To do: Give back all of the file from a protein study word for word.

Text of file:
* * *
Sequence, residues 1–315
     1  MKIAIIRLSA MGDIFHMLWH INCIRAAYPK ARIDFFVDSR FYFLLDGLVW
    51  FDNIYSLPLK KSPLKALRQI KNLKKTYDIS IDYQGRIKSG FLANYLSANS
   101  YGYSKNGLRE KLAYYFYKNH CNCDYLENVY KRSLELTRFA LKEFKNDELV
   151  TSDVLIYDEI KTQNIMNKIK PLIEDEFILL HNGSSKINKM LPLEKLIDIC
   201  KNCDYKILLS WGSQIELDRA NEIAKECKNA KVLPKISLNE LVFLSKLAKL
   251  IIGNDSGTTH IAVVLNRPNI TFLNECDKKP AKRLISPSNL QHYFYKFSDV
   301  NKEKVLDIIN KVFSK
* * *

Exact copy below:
Sequence, residues 1–315
     1  MKIAIIRLSA MGDIFHMLWH INCIRAAYPK ARIDFFVDSR FYFLLDGLVW
    51  FDNIYSLPLK KSPLKALRQI KNLKKTYDIS IDYQGRIKSG FLANYLSANS
   101  YGYSKNGLRE KLAYYFYKNH CNCDYLENVY KRSLELTRFA LKEFKNDELV
   151  TSDVLIYDEI KTQNIMNKIK PLIEDEFILL HNGSSKINKM LPLEKLIDIC
   201  KNCDYKILLS WGSQIELDRA NEIAKECKNA KVLPKISLNE LVFLSKLAKL
   251  IIGNDSGTTH IAVVLNRPNI TFLNECDKKP AKRLISPSNL QHYFYKFSDV
   301  NKEKVLDIIN KVFSK